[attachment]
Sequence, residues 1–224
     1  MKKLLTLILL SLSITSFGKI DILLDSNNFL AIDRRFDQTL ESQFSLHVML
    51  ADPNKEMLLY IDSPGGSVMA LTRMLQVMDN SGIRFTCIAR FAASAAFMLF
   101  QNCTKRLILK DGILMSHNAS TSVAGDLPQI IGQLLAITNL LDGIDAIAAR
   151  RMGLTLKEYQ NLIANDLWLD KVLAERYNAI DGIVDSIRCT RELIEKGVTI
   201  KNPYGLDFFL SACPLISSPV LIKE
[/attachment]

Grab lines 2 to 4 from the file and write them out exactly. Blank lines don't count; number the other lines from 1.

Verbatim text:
     1  MKKLLTLILL SLSITSFGKI DILLDSNNFL AIDRRFDQTL ESQFSLHVML
    51  ADPNKEMLLY IDSPGGSVMA LTRMLQVMDN SGIRFTCIAR FAASAAFMLF
   101  QNCTKRLILK DGILMSHNAS TSVAGDLPQI IGQLLAITNL LDGIDAIAAR